One of the earliest ideas the casting and producing teams for Genealogy Roadshow decided they would like to see was reunions - or, more accurately, unions - with "long lost relatives" people didn't even know they had. My first response was, "I look for dead people . . . I'm not very good at finding the living. What you want is a private eye." And I recommended one. But they insisted that I could do this (at times, the casting team had more faith in us than we had in ourselves, making our successes prove them right and, when we had a lack of results, disappoint us).
On the Nashville show, viewers saw two such "reunions," and I am pleased to be able to share a little on these since they were "my" stories. They were actually two of the first stories I worked on.
The first was "Uncle Fate," the story of a photograph showing a two-year-old White boy in the lap of an older African American gentleman. The identification was clear for the boy, but the gentleman was identified simply as "Uncle Fate." Identifying Fate was no trick and took less than thirty minutes. Since the photo was taken when the child was about age two, and the boy was born in about 1900, that dated the picture as taken somewhere around 1902. In the 1900 Federal Census, "LaFayette Cox" is listed in the family's household. "LaFayette" is often shortened to "Fayette" and, in the South, the slurring of the name would give us the name "Fate." But identification was not enough . . . it was decided (and I have to admit I was excited about the prospect) that we should try to locate living family of LaFayette Cox. I did most of it by doing the simple tracking of his family, first back, then forward. I could identify his offspring and some of the later descendants, eventually leading to the death of one of the relatives in the not too distant past (within the past 20 or so years, as I recall). This was done with the help of a posted family tree on Ancestry.com, but an email to the tree-owner did not get a response. The family had stayed in Knoxville and the surrounding area, so a connection with a genealogist in that area led to the discovery of a newspaper obituary for that recently deceased family member and the listing of his surviving family, including a daughter (identified with her married name and her husband's first name). A Google search led me to the husband, who is an educator in the Northeast U.S. I emailed him and asked for information about his wife. I had a good idea who she was (the person who had posted that tree on Ancestry.com). In this case, all my identifications panned out. She emailed back and was thrilled to have her ancestor identified and his life laid out for her. And, if you watched the Nashville show, you saw the two families united (not "reunited" - these families of two different cultures had never known of the other's existence).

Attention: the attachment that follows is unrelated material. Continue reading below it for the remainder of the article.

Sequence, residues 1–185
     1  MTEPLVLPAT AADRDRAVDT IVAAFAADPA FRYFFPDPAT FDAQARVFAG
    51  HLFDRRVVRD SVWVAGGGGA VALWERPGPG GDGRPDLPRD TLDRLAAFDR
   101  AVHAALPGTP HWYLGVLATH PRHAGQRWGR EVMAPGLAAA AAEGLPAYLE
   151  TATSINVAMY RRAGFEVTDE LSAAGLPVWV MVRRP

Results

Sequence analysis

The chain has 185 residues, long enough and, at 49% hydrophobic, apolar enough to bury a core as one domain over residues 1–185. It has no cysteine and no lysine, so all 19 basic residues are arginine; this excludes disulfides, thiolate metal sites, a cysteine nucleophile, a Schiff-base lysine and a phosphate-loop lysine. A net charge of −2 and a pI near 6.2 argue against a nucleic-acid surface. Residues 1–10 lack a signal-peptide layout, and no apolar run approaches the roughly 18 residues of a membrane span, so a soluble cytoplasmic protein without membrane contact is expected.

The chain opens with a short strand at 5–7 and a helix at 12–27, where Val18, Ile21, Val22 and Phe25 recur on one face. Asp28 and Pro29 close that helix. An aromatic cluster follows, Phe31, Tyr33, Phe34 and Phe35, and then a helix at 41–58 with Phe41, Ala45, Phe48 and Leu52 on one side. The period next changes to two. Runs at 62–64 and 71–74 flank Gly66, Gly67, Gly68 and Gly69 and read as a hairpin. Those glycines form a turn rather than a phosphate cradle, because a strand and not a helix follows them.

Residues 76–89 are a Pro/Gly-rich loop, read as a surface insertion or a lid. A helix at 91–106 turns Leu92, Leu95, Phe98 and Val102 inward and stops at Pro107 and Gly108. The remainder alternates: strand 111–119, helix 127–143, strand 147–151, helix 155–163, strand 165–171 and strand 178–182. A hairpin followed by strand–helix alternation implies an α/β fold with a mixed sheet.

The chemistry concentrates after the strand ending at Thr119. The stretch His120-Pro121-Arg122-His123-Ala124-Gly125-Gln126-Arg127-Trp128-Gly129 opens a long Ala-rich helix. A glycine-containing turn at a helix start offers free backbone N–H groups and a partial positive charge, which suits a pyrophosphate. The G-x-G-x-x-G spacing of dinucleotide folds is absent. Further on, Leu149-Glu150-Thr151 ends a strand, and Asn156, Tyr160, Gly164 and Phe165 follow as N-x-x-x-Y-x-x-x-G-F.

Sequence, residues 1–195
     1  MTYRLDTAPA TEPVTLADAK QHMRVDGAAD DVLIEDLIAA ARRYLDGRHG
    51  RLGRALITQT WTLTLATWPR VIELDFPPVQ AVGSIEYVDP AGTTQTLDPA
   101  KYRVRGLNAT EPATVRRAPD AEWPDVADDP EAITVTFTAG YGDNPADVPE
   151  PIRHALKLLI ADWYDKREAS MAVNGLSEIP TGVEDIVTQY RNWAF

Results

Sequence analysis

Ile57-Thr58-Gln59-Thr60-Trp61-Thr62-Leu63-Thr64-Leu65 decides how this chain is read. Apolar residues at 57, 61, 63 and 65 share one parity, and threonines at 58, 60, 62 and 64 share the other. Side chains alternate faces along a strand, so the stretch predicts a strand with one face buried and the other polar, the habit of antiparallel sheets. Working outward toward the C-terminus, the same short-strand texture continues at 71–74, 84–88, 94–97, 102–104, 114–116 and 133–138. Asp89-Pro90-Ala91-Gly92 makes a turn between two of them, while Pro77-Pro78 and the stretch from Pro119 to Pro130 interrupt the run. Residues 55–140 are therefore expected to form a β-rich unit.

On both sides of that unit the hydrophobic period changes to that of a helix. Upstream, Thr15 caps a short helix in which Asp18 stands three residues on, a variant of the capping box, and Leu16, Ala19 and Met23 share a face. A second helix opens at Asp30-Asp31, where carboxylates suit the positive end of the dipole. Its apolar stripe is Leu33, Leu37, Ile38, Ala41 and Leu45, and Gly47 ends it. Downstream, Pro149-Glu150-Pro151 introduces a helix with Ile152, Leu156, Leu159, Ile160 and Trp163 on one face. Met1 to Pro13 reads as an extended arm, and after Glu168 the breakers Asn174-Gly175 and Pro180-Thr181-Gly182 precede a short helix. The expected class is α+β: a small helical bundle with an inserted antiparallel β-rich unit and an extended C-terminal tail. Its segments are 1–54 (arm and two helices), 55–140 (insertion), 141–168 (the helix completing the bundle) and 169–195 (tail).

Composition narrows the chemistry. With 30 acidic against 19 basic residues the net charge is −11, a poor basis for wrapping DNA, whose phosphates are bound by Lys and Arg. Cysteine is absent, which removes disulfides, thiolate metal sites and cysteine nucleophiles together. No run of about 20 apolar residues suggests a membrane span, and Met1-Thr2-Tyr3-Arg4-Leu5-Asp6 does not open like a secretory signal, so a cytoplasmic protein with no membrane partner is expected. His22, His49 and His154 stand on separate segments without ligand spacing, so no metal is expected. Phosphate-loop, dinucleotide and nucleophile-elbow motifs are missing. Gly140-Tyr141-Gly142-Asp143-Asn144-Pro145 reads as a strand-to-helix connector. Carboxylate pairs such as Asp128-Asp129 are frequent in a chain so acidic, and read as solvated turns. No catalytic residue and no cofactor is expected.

Lesson learned: while on-line family trees often have incorrect information and/or holes in the lines, they can sometimes take us to clues about living family. Contacting the tree creator/poster may take us to a long-lost cousin. Together, the family members can make the tree more well-rooted, with sources cited and holes filled in.
I will write about the second of these union stories in tomorrow's blog.